Those in favor of DST believed working parents would be able to play with their kids for another hour, working women could walk home safely during daylight, and that DST would lead to an increase in social welfare (somehow).
Those opposed employed similar irrationality, arguing DST would prevent people from leisurely mornings and would directly cause overcrowding of transit lines (somehow). Ultimately, in 1918, America decided to give it a shot. And then? A comedy of errors!

  • 1918 - America implements Daylight Saving Time 
  • 1919 - Everyone hates it, American repeals DST and replaces it with nothing
  • Spring 1930 - Josef Stalin declares DST to be a thing in the Soviet Union and vows to personally devour anyone who doesn't think his idea is awesome.
  • Fall 1930 - Stalin, bless his heart, hilariously forgets to order everyone to fall back later that year, resulting in all clocks in every Russian time zone being off by an hour for the next 61 years. Oh, Josef Stalin, I had you for a savage and murderous tyrant, but forgetful!?
C'mon Man!
  • 1920 - 1941 - Everything is weird, but people can get along ok.
  • 1941 - 1945 - FDR tells everybody we're shifting to "war time" (DST). Everyone likes the idea and it's back on for a while.
  • 1945 - 1966 - Everything is weird again, and our prosperous lifestyles are making things complicated. No federal law exists and cities/towns/communities can just do whatever. 23 different start/end dates to DST exist in Iowa alone, and even the Twin Cities of Minneapolis and St. Paul can't seem to get on the same page. People are missing meetings, late for sock hops, and an hour early for church.

Minnesota Newspaper - 1965
  • 1966 - The Uniform Time Act of 1966 is passed. Everyone is mercifully forced onto the same page, and that page happens to include DST.
  • 1980s - Clorox and 7-Eleven fund the Daylight Savings Time Coalition in an effort to extend DST beyond 1987. They convince both Idaho senators to vote for it based on the theory that DST fast-food restaurants sell more French fries, and those are made from Idaho potatoes.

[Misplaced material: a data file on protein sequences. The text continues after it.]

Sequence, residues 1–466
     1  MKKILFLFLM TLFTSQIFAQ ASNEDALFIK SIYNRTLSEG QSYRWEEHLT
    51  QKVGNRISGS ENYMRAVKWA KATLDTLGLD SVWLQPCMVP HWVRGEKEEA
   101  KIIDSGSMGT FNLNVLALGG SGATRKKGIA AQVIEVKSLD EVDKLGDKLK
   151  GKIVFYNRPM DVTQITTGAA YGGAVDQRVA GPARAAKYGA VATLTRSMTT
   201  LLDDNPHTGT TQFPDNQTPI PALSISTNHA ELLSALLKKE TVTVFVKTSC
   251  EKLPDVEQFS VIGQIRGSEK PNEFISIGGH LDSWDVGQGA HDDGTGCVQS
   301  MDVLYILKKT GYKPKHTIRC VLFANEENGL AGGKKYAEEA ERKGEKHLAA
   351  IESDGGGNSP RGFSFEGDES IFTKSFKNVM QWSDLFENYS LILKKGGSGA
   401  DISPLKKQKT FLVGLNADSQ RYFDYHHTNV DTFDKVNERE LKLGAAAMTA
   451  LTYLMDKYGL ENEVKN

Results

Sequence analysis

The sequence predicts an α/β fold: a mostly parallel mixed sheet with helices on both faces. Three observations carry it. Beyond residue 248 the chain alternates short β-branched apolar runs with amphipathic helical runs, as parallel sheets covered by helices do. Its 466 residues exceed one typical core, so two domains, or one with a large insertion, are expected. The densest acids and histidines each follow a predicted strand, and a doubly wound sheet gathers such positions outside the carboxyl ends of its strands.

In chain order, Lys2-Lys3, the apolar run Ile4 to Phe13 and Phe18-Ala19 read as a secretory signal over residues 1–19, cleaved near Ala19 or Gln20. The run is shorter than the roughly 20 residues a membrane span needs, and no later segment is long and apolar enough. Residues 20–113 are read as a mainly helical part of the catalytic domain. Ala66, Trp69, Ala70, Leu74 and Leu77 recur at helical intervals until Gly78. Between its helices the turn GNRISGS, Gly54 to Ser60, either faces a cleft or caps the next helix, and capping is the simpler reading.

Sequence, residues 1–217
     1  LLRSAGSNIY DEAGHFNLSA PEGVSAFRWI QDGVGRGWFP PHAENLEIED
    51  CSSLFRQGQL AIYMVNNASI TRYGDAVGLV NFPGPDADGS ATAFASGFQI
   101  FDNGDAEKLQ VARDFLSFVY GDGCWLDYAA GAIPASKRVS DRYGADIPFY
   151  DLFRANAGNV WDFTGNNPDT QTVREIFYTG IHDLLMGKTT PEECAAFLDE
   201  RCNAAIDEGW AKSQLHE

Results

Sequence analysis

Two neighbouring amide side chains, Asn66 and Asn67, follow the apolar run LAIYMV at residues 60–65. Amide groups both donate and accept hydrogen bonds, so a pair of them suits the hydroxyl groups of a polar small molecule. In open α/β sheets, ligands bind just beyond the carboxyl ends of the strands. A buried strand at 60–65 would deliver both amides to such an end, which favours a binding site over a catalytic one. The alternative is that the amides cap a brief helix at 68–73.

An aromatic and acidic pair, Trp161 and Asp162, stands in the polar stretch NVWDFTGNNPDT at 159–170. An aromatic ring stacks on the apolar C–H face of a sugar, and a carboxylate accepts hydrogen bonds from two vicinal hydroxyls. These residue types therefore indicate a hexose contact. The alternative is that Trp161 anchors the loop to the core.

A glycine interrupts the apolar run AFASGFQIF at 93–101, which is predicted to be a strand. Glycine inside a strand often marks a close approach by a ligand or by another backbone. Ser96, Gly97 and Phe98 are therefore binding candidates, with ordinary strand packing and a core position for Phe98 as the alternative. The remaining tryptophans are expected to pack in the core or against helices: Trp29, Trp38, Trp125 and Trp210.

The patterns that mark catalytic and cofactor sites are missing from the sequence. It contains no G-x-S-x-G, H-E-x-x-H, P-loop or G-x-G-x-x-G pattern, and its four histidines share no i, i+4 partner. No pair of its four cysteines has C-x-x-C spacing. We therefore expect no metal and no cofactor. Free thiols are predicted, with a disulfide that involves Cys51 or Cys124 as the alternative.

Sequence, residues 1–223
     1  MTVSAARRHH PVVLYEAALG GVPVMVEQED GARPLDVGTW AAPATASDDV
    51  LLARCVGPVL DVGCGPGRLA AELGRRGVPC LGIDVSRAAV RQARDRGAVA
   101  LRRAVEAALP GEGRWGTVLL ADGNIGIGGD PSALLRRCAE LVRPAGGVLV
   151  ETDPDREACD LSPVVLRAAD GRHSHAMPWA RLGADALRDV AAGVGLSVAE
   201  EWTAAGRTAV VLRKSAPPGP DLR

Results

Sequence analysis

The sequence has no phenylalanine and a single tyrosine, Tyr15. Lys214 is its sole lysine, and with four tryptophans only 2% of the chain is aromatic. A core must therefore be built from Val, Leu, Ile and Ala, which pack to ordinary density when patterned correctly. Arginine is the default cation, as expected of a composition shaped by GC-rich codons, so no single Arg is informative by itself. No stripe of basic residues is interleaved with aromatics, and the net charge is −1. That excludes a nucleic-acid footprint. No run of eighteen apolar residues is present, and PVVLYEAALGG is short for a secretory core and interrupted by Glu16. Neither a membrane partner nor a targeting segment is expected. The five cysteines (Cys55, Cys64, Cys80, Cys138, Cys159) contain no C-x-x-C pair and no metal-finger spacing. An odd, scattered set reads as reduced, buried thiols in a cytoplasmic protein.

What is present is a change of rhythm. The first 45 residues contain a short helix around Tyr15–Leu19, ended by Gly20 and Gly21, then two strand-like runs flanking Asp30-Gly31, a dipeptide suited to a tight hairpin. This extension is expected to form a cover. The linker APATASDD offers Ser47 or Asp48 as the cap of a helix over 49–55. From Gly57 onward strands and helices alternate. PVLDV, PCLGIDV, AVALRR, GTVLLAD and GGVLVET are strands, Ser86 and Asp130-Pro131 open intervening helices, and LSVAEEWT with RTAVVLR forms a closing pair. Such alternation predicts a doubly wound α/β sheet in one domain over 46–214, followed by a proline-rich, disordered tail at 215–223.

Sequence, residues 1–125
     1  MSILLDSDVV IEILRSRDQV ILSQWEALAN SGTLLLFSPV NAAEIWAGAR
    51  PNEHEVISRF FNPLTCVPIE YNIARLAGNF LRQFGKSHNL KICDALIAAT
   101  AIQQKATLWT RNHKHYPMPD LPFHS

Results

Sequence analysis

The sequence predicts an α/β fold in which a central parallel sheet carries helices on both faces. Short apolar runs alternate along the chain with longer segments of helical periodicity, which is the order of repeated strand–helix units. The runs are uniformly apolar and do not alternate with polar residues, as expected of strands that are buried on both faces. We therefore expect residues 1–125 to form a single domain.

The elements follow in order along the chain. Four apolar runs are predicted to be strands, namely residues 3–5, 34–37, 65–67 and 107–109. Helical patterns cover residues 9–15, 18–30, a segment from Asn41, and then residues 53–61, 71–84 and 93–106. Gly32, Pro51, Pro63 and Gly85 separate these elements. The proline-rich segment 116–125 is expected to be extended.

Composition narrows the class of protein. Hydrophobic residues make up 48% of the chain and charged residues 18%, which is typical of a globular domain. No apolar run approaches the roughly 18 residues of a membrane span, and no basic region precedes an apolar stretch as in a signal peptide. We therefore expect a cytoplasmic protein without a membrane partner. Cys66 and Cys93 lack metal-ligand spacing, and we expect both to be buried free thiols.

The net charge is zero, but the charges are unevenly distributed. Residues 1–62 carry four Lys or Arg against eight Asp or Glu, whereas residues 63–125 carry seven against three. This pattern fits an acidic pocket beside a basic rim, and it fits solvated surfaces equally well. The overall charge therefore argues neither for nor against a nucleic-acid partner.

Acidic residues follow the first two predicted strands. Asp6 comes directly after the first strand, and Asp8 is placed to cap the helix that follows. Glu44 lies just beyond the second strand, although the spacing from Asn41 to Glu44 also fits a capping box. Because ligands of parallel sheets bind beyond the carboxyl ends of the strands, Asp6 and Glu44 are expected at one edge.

Modern Daylight Saving Time

Today, DST plods along despite a glaring lack of convincing evidence that it does any good for anybody. In fact, recent studies have concluded the annual "spring forward" leads to an immediate increase in auto accidents, workplace injuries, and even heart attacks (!).

Before conducting research for this blog, I believed that people belonged in one of two camps: Those in favor of DST abolition and the ignorant. Now, however, I understand there is a third school of thought on this issue.

If we were to get rid of Daylight Saving Time, what goes in its place? Nothing? Do we leave the clocks sprung forward or fallen back? Meet halfway? Are we ready to have this debate? When the US toppled Saddam Hussein in 2003, they knew they were getting rid of a dickhead. What they did not prepare for, however, were the unintended consequences of overthrowing an iron-fisted dictator who was able to maintain order by way of assholery...and now we have ISIS.

The similarities between Saddam Hussein and Daylight Savings Time are uncanny

In my recently-informed opinion, Daylight Saving Time--much like Saddam Hussein--is bad for the world. But the alternative--lengthy debates based on personal preferences while we certainly have bigger fish to fry--could be worse. So we're stuck with it.

DST across the globe today. 1/4 of the world population is affected by DST.


  1. Keep it at spring forward and never go back

  2. Your combination of links and graphics impresses me. Your posts are great mentor texts for my own writing!

    1. Thank you, sir! I'm still searching for an efficient way to use footnotes. I love footnotes.